Levy includes $500K that will fund reconstruction projects in 2013
Wyoming City Council set the 2013 levy last Tuesday, Dec. 4 in the amount of $3,904,195. Included is funds for the general operating fund ($3,073,980), EDA ($42,000) and bonded indebtedness ($788,215).
Of the last amount, $288,215 is for current obligations. The other $500,000 is to fund bond payments to begin street reconstruction projects. This passed by a vote of 4-1, with Linda Yeager dissenting.
The council also approved the 2013 budget in the amount of $3,398,918. This vote was also by a margin of 4-1, with Yeager opposed.
By comparison, the total 2011 levy was $3.25 million with a general fund portion of $2,913,980. The total 2012 levy was capped at $3.3 million with a general fund set at $2,914,577.
Since the annexation, township residents have been paying a graduated tax; the rural tax rate a percentage of the city tax rate. Since the annexation, former township residents paid 50 percent of the city rate for the first three years, 60 percent the fourth year after annexation, and 70 percent of the city rate this year. Next year, the entire city will pay the same tax rate.
The city’s budget has basically the same operational costs as last year, Craig Mattson, city administrator, told the crowd. Increases included are to replace equipment: a front-end loader for the Public Works Department, an upgraded copier, funds to upgrade the city’s municipal code so that is conforms to and is consistent with the current laws. Some of this expense, about $25,000, is for legal review; a necessary expense for the city.
Related to increases in Public Safety, 80 percent of the budget is for employee costs; officers and fire department personnel. About $12,000 is to retrofit vehicles, and about $25,000 is an annual payment to Chisago County for 800 MHz radio communication.
Last year, in lieu of including $500,000 as part of the levy for street replacement, it was placed in a dedicated reserve, where it remains to ultimately help with street repairs. Mattson told the audience that the Public Works budget line item for repairs was reduced for the proposed 2013 budget. The reduction here is to be “diverted to street reconstruction.”
Polaris and Xccent will begin paying taxes on the improvements on their property in 2017. At that time, they will begin paying an additional $250,000 and $80,000, respectively, in property taxes. The city will receive a portion of this increase.
There has been no local government aid (LGA) to the city since 2007, according to Mattson. Right now part of the value of house is “excluded” and property tax is levied on the remaining amount.
There were several residents who complained about having lower property values but higher taxes this year. Mattson said this is a result of legislation at the state level. Some property values are lower and with a portion of the value excluded from taxes, even an unchanged or slightly lower levy can mean higher tax rates on the remaining value.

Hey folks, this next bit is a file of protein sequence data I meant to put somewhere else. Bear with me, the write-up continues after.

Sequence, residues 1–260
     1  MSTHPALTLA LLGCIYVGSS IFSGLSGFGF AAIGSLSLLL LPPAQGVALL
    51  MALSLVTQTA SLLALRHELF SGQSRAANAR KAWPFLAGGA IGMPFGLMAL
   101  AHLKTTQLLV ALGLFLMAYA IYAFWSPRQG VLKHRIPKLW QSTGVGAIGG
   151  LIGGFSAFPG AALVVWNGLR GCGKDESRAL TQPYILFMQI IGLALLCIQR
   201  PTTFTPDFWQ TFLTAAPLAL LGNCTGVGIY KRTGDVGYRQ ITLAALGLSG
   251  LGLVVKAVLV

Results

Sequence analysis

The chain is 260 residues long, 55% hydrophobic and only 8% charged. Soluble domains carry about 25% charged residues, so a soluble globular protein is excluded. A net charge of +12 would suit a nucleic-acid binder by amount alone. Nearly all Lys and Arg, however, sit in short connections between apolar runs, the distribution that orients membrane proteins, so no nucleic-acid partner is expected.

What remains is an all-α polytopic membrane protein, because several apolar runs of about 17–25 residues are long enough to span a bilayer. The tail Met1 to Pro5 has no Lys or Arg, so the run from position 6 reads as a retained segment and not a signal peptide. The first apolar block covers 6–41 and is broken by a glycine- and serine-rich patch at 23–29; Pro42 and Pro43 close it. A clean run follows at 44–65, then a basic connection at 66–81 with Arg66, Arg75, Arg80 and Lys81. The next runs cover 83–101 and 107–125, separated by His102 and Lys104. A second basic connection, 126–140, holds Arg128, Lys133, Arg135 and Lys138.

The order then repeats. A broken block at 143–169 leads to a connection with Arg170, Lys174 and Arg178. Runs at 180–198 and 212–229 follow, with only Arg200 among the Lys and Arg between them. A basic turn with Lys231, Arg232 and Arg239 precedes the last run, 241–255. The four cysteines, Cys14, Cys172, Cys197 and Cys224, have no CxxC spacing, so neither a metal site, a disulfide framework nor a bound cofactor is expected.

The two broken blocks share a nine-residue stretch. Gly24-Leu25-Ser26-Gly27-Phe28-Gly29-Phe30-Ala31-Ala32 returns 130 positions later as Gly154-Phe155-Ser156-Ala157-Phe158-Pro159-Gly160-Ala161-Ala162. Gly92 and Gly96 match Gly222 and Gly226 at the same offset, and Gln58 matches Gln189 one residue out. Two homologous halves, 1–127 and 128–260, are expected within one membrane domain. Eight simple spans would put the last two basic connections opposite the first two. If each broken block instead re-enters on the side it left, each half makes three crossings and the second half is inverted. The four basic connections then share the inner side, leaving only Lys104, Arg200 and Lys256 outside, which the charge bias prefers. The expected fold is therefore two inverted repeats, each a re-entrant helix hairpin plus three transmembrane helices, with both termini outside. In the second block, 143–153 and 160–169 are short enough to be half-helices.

Mattson presented the rationale for including $500,000 in the levy. This will provide a revenue stream to pay bonds sold to pay for street reconstruction. The increase in taxes to cover this will be deductible. Assessments for street repair are not. Also, the cost to residents will be smaller than being hit with an assessment for street repair, plus interest payments.
WSB is currently doing a feasibility study on streets in the northeast quadrant of the city and the area near Greenway Avenue. Mark Erichson, engineer, had earlier identified these streets. The study is for repairs to be completed in 2013.
Erichson explained that the feasibility study to select the first streets for repair will include a pavement condition index (PCI). The city will try to “get the best value for the dollars spent, seeking streets that do not require attendant infrastructure improvements.” Mattson explained that residents should see evidence of improvements (in streets) with the tax increases.
Mayor Eric Peterson said that the staff has kept requests back; there have been minimal increases in line items. Peterson urged support of the street fund, especially for those on fixed income, “assessments would kill” these residents.
Joe Zerwas supported the budget and the levy. He believes the addition of $500,000 to the levy is the “best way to move forward without a hammering assessment.” That would be the worst way to finance the streets. Roger Elmore explained that “we’ve seen the preliminary numbers.” He believes the plan is good.
Yeager said her reason for not supporting the plan is that it would not be fair to businesses. She is “not in favor of assessments, but they are for a fixed term and for a fixed amount.” Referring to Shoreview’s plan, which is the model for Wyoming, there have been increases in taxes beyond what was originally planned. She opposed the levy and budget as presented.
Mattson explained that the council had received the budget in September, and basically it has remained the same with reductions on some line items. The city has staff members, professionals, who know requirements for their respective specialties. There have not been many changes in the budget between September and December.